Chris Smith: I make sure that if things... little minor things, we make a list and then boom, we go home to Tennessee and I've got my guys there. I give them the list, "Here you go." She's rolling. She's three and a half years old and we've got 630,000 miles on her already.

Todd Dills: That shop will also do some more extensive work on the raid quite soon. The beautiful yellow Pete took damage down the driver's side and to the herd bumper on the front end in a not at fault accident the Smiths were involved in recently. Here's Chris narrating how the disaster happened.

Chris Smith: We were going through Arkansas and we were on 440 heading west to get onto 30 and a car was in a left exit. There was a left exit on 440. She decided she didn't want to turn left so basically cut right in front of us.

Todd Dills: There was another car on the Smith's right that they were in the process of passing that driver.

Chris Smith: Then decided to speed up and was undertaking me and just at the last minute he wanted to get in front of us, so as he went into the left lane she spared right. They both hit in front of us. One ended up being spun out where he hit the left side of my truck and did a lot of damage. The other vehicle got T-boned by us, thanks to my herd bumper. Fantastic thanks. Yet put some gashes and stuff on the bumper where I could have lost my whole front end, it didn't do anything.

And basically we're still able to work, because we're going to be taking some time off soon where I can schedule everything properly and do it when it benefits us, whether is an, "Oh God, here we go. We got to take more time off of work." Damaged my boxes. My fender was also... because my fender are joined with the support in the middle. It damaged my right fender as well. It put a crack in it. But yeah, at the moment it's tough because I love my truck. She is a beauty. I hate going to the left side of the truck and seeing the damage. So I try to stay away from the left side of my truck at the moment.

Ruth Smith: I don't blame you.

Todd Dills: On the other side of the break, we'll drop into Chris and Ruth Smith's story right from the get-go. With Chris's move to the United Kingdom after childhood, spent mostly in the US and then time in the US Army for his maiden voyages following an uncle into trucking across the pond. So stay tuned.

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Todd Dills: Here's Chris Smith.

Chris Smith: I got involved trucking after I left the army in 1987. I went back to the UK because I was wondering what I was going to do after I got out of the army. There's not much call for people killing people, so obviously I was looking to see what I was going to do. So my uncle was driving trucks in England and Europe and I thought, "Wow, that seems like an interesting job." And so I went back to the UK, started driving over there and drove all over Europe.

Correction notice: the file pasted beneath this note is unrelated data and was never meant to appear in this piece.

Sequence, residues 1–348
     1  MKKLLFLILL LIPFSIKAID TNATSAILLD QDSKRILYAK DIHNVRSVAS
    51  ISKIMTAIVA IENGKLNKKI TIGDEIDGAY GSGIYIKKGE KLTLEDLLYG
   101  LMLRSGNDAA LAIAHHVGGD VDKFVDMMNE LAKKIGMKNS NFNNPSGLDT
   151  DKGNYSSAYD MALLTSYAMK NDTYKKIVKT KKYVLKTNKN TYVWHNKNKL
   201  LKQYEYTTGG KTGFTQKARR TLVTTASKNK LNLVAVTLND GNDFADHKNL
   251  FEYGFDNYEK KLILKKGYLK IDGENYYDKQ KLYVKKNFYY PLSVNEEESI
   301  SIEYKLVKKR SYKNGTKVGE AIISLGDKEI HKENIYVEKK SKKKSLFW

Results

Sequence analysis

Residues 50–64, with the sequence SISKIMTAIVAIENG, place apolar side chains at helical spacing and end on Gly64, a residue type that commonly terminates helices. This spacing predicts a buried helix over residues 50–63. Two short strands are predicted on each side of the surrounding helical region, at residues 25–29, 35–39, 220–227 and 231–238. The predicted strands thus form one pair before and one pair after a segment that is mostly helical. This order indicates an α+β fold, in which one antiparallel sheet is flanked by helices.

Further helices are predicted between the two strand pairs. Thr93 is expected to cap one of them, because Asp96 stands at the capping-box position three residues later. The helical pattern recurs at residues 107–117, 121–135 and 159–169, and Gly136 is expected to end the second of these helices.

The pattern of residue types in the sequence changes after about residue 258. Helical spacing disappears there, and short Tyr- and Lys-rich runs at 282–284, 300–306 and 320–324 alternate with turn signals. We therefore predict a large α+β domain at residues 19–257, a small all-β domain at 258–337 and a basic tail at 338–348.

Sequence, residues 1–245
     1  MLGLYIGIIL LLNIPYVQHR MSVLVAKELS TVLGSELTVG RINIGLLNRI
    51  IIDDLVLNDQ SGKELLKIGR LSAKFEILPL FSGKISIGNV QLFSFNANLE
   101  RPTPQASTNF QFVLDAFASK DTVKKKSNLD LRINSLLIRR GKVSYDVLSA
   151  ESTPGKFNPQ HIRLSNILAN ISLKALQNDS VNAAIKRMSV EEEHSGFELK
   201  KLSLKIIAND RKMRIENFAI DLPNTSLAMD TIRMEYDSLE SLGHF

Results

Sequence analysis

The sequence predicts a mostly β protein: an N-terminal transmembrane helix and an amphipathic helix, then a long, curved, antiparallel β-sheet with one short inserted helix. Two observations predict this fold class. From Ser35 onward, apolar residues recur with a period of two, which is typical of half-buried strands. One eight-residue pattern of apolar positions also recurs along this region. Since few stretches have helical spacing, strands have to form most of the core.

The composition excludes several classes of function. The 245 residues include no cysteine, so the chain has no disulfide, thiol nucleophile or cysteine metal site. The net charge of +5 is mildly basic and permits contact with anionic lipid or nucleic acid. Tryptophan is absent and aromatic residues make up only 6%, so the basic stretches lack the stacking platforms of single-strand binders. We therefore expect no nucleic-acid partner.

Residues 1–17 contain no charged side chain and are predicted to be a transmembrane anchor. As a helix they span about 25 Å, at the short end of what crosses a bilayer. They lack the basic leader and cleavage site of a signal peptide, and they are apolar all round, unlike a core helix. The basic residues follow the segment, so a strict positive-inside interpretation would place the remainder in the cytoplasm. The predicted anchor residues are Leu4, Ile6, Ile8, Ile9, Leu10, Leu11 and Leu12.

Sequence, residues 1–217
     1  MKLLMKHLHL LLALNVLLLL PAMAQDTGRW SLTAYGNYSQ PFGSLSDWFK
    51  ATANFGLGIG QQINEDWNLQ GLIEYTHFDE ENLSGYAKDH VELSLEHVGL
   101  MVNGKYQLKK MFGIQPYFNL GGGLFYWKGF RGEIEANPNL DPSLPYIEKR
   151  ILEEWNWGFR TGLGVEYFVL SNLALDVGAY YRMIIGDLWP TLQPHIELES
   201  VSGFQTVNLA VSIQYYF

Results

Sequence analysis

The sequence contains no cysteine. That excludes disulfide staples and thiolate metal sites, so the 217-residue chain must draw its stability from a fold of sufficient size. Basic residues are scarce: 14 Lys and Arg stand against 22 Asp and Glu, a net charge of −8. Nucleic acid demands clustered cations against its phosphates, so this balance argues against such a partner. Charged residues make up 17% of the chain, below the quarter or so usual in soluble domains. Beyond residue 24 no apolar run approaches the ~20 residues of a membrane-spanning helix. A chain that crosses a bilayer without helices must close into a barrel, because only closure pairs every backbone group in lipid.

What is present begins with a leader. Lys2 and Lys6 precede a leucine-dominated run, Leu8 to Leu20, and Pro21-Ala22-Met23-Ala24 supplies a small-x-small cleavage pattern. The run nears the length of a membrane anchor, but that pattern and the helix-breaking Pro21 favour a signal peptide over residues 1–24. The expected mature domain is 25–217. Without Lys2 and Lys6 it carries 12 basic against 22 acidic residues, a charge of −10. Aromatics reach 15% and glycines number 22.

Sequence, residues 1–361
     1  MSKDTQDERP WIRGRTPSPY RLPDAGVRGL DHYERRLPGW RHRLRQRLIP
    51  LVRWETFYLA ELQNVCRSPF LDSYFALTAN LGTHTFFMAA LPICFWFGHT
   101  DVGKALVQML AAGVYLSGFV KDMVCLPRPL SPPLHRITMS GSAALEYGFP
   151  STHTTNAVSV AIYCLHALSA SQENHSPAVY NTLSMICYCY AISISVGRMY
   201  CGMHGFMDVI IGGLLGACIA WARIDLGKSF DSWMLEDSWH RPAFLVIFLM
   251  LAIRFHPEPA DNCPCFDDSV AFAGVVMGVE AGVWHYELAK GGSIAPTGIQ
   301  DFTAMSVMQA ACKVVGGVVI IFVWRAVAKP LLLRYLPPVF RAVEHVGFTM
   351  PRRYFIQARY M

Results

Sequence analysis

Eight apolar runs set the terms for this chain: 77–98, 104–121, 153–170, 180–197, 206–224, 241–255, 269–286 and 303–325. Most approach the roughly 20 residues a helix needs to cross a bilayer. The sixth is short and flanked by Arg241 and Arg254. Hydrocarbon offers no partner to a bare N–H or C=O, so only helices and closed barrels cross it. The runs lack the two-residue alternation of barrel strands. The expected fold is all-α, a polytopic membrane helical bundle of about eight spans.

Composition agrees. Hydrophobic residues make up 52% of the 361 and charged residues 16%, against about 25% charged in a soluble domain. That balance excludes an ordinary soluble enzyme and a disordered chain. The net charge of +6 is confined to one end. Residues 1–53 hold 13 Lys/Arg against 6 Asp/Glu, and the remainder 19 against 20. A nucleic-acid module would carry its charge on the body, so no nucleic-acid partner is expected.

And then just on the later edges of the eighties in basically 88, 89, I drove the transcontinental runs from the UK to the Middle East and that was an eye opener for me as well. And then came back to the States, drove over here because I went back and forth from the UK to the US because my parents were obviously living over here, so I always missed them, so I went back and forth. And trucking was actually main job, then it became a backup job, where... because I was a musician, so when I wasn't doing anything musically, my backup thing was always get a job working for a trucking company and do that. So I've been driving since 87. Half of my career was spent driving in the UK and Europe and the Middle East and the other half was over here, which is the half I met Ruth through driving. She used to work at a... what we call a weigh bridge.

Ruth Smith: When Chris and I met was one of his stints in the UK.

Todd Dills: The other half of Dreamline there, owner-operator Ruth Smith.

Ruth Smith: I'm English as well. So we met up over there. I was working for a speed merchant with a public wave bridge and he came in with-

Chris Smith: Scales.

Ruth Smith: The scales. We call them wave bridges, the scales, same thing. When he came in... We met when I was working there. Subsequently, we got married and about three months after we got married there was a change in our situation, let's say.

Chris Smith: Slightly.

Ruth Smith: Slightly.

Chris Smith: I was driving for a trucking company over there called Alan Furman. They're actually still in business. I still know some of their drivers. One of my best friends actually who we worked with, he's over here as well, working over here.

Todd Dills: The carrier at the time had a shirt and tie policy for all personnel and Chris just wasn't complying 100%. Another driver reported that to the company but it would turn out to be something of a blessing in disguise. Opening up new opportunities for the young couple.

Chris Smith: And I actually got fired because I wasn't wearing my tie.

Ruth Smith: On Christmas Eve.

Chris Smith: On Christmas Eve.

Ruth Smith: I showed up to pick him up from work. I had the turkey sitting on the back seat my company had given me as a Christmas gift and Christmas Eve roll up, pick him up, he gets in the car, "I'm fired. I've been fired." "Oh great, thanks a lot. Merry Christmas."